OpenGeoscience is a free online service provided by the British Geological Survey, part of the Natural Environment Research Council; the UK's main agency for funding and managing research, training and knowledge exchange in the environmental sciences. The British Geological Survey was founded in 1835, and is the world's oldest national geological survey. OpenGeoscience aims to increase access to the British Geological Society's large range of datasets by publishing them online at no charge for non-commercial private study, research and educational purposes.
The OpenGeoscience service became available online in 2009; before that the data was only available in paper form or via a subscription service to universities. There are viewable maps, photos, scans, mobile apps and downloadable data. Dubbed 'Google Rock' by a Senior Lecturer at the Open University, Professor Paul Smith of Birmingham University said the project would transform the way geosciences are taught in universities.
OpenGeoScience encourages the use and re-use of the data provided, which is available under the Open Government Licence. This licence allows anyone to share the information, copy it or adapt it, with the proviso that the source of the information must be acknowledged with an attribution statement and, if possible, a link to the Open Government Licence. Users must not use the information in an inaccurate way, or falsify any of the data, and it is forbidden to use the information in a way that suggests official status.
Maps and map data viewers
Simple map viewers are available to open individually or together in the map viewers portfolio. The Geology of Britain viewer lets you click an area of interest and pan or zoom, and is also available as a WMS. The viewer includes a free search of the NGDC collection of borehole scans, 3D models allowing viewing of cross-sections in selected areas of the UK, and an earthquake timeline. The Offshore and Onshore GeoIndex maps datasets such as seabed samples, hydrocarbon wells, boreholes and geochemistry. There is a Groundwater Levels Timeline Viewer from 1970 to the present, a Hydrogeology Viewer displaying aquifer potential at regional or national level, and London Earth; a soil geochemistry viewer with interactive maps covering Greater London.
Click here to find London based open source software developers.
Designed to be downloaded and worked offline, there are six datasets of the British Geological Society's baseline products. The National Bedrock Fence Diagram is a GB3D geological model using digital cross-sections of Great Britain. UK geology data is provided in ESRI and MapInfo GIS format, showing superficial layers, faults, bedrock and linear features. Similar UK geology data is delivered in KML allowing Google Earth and Google Maps visualization. Hydro geological data is delivered in ESRI and MapInfo GIS format, gravity and magnetic field data is available in CSV format, and chemical data showing the location of environmental data samples, including samples from the GBASE project, is delivered in KML.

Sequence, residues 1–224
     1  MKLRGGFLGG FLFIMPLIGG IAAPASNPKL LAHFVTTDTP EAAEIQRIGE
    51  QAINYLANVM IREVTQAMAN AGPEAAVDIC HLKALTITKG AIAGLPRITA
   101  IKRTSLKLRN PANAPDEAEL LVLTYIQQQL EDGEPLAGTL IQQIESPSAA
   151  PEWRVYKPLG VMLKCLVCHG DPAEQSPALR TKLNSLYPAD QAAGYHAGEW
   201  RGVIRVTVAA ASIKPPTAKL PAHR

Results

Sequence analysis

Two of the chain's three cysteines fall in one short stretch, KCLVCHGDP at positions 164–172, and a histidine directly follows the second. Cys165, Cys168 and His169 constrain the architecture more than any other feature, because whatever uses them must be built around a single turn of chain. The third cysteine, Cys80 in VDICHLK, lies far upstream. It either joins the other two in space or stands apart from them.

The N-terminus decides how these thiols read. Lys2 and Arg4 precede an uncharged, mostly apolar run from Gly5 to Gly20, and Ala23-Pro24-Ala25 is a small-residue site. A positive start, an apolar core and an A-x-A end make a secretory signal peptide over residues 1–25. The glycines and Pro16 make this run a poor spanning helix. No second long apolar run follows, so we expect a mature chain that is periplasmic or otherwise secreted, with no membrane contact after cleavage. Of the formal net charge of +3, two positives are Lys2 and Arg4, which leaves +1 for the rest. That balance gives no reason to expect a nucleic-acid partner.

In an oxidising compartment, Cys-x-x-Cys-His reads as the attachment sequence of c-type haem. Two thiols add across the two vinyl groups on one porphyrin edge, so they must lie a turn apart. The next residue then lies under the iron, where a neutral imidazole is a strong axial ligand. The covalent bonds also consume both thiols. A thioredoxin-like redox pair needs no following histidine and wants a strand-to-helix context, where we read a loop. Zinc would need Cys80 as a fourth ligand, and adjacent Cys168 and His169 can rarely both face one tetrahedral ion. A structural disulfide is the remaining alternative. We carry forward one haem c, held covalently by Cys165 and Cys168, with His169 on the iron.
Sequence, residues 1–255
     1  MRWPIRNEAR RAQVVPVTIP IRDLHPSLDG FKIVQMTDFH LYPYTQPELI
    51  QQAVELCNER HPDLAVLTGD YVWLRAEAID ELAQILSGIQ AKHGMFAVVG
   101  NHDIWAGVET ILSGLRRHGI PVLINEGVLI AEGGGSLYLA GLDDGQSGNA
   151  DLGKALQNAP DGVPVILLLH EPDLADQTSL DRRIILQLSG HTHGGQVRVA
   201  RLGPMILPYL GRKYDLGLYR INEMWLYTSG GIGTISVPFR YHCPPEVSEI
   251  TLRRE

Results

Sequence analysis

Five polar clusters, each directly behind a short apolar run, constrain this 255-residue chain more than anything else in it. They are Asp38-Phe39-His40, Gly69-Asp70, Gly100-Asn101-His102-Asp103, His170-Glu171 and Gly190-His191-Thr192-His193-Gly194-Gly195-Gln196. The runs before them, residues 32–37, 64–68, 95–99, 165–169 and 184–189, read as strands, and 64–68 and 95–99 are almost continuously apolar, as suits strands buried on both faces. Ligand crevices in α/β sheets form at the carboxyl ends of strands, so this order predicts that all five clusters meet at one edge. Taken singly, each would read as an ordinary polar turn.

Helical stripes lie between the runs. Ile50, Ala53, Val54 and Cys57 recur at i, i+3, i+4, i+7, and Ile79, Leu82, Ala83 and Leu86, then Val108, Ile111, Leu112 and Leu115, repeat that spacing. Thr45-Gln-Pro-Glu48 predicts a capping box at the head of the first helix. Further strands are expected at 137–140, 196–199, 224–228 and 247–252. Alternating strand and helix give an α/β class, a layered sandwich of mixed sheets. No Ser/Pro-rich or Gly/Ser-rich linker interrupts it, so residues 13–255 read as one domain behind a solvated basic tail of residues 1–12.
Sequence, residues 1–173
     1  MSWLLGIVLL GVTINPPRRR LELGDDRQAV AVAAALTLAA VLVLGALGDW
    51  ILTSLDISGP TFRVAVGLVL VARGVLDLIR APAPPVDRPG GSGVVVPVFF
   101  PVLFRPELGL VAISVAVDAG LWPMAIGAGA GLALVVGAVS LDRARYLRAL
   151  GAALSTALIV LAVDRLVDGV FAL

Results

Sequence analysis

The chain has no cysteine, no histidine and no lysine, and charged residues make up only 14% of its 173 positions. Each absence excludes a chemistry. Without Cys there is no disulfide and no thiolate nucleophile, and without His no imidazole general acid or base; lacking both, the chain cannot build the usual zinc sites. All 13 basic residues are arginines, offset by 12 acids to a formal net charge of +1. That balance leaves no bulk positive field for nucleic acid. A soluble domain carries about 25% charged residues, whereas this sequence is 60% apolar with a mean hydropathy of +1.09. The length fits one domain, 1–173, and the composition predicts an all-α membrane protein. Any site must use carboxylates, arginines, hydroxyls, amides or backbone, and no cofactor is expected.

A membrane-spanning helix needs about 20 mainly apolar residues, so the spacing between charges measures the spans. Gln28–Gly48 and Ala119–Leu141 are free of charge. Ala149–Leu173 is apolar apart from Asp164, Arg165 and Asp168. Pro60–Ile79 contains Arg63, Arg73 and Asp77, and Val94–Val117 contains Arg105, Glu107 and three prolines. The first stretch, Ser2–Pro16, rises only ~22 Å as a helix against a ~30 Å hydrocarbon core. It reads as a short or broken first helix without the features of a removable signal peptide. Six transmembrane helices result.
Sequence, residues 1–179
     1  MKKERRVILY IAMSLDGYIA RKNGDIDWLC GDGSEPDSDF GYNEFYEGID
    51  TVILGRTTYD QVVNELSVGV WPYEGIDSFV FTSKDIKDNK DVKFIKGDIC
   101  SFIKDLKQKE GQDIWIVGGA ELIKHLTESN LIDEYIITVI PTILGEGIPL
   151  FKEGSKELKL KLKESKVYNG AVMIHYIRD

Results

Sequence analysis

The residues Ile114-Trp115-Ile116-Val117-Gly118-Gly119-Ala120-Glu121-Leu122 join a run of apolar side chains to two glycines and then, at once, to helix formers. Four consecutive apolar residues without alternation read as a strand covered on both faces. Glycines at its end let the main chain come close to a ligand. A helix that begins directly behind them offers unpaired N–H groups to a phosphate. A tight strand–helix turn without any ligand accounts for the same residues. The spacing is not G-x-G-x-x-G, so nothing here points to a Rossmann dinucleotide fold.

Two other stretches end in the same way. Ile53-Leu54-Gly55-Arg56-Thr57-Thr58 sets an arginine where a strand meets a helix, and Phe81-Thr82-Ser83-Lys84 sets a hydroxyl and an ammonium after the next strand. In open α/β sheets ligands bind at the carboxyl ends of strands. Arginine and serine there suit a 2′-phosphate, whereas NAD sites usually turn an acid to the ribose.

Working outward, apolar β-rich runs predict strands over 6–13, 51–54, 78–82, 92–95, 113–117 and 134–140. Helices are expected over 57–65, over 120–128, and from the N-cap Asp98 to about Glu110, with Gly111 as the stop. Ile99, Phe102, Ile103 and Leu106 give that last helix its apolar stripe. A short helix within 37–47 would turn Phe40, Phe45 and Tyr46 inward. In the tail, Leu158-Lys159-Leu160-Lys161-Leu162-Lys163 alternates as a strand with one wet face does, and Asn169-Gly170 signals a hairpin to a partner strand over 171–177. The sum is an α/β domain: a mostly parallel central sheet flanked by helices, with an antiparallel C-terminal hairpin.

Much of BGS' archives and data collections have been put on databases and indexed, allowing online searching and viewing. There are seven online databases, and four vocabularies. The databases include Rock Collections, Taxonomy Online, PalaeoSaurus, Groundwater Level Information, Geomagnetic Data, Borehole Materials and a GeoIndex, which is a map-based index to datasets collected.
Scans and Photos
Numerous digital image collections have been released on OpenGeoscience. GeoScenic displays around 50,000 images from the National Archive of Geological Photographs. Historical maps from between 1835 and 1905 have been scanned, and hydrogeology maps, Irish historical geological maps, scanned magnetograms and petrological thin section images are all online.
There are five websites that are optimised for mobile phones, supporting iOS 3+, Android 2.2+ and Blackberry 6+. There are three smartphone apps: iGeology for iPhone/iPad and Android, downloadable from iTunes or Google Play; iGeology 3D for Android which can be downloaded from Google Play, and mySoil, for iPhone/iPad which can be downloaded from iTunes. A free mobile app, Citizen Science, lets members of the public record earthquakes, flooding, landslides and other information.
Geological data is available in open formats to enable Geobrowsers such as Google Earth and GIS software to be used. There are GeoRSS feeds, with location information embedded in them, interactive geology or earthquakes maps that can be included in other websites, and KML maps and Web Map Services (WMS) that are viewable in GIS software such as ESRI's ArcGIS.
OpenGeoscience Data Models
Started in June 2011, OpenGeoscience Data Models is a two-year knowledge exchange project providing ready-to-use, open database designs and documentation. The intention is to build a self-sustaining community to develop the designs and alter them to suit different requirements.
All OpenGeoscience information is freely available at http://www.bgs.ac.uk/opengeoscience/.